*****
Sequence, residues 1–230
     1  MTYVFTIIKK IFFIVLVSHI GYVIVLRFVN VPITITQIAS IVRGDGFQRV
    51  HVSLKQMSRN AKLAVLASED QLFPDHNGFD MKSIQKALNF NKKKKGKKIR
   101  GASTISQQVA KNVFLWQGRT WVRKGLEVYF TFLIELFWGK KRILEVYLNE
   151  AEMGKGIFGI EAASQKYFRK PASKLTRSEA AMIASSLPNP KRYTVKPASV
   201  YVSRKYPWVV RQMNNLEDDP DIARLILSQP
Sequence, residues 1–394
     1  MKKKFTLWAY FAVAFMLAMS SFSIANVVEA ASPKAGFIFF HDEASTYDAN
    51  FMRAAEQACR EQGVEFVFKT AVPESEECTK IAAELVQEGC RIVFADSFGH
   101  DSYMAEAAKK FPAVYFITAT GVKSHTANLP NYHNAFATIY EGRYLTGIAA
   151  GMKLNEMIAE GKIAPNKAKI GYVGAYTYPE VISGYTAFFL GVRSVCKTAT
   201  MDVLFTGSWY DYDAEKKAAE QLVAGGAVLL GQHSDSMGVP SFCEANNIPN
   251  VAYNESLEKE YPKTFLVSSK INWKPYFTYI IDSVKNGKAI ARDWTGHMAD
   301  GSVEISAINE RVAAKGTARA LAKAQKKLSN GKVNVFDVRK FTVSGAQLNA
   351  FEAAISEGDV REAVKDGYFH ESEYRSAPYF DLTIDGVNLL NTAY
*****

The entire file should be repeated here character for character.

Sequence, residues 1–230
     1  MTYVFTIIKK IFFIVLVSHI GYVIVLRFVN VPITITQIAS IVRGDGFQRV
    51  HVSLKQMSRN AKLAVLASED QLFPDHNGFD MKSIQKALNF NKKKKGKKIR
   101  GASTISQQVA KNVFLWQGRT WVRKGLEVYF TFLIELFWGK KRILEVYLNE
   151  AEMGKGIFGI EAASQKYFRK PASKLTRSEA AMIASSLPNP KRYTVKPASV
   201  YVSRKYPWVV RQMNNLEDDP DIARLILSQP
Sequence, residues 1–394
     1  MKKKFTLWAY FAVAFMLAMS SFSIANVVEA ASPKAGFIFF HDEASTYDAN
    51  FMRAAEQACR EQGVEFVFKT AVPESEECTK IAAELVQEGC RIVFADSFGH
   101  DSYMAEAAKK FPAVYFITAT GVKSHTANLP NYHNAFATIY EGRYLTGIAA
   151  GMKLNEMIAE GKIAPNKAKI GYVGAYTYPE VISGYTAFFL GVRSVCKTAT
   201  MDVLFTGSWY DYDAEKKAAE QLVAGGAVLL GQHSDSMGVP SFCEANNIPN
   251  VAYNESLEKE YPKTFLVSSK INWKPYFTYI IDSVKNGKAI ARDWTGHMAD
   301  GSVEISAINE RVAAKGTARA LAKAQKKLSN GKVNVFDVRK FTVSGAQLNA
   351  FEAAISEGDV REAVKDGYFH ESEYRSAPYF DLTIDGVNLL NTAY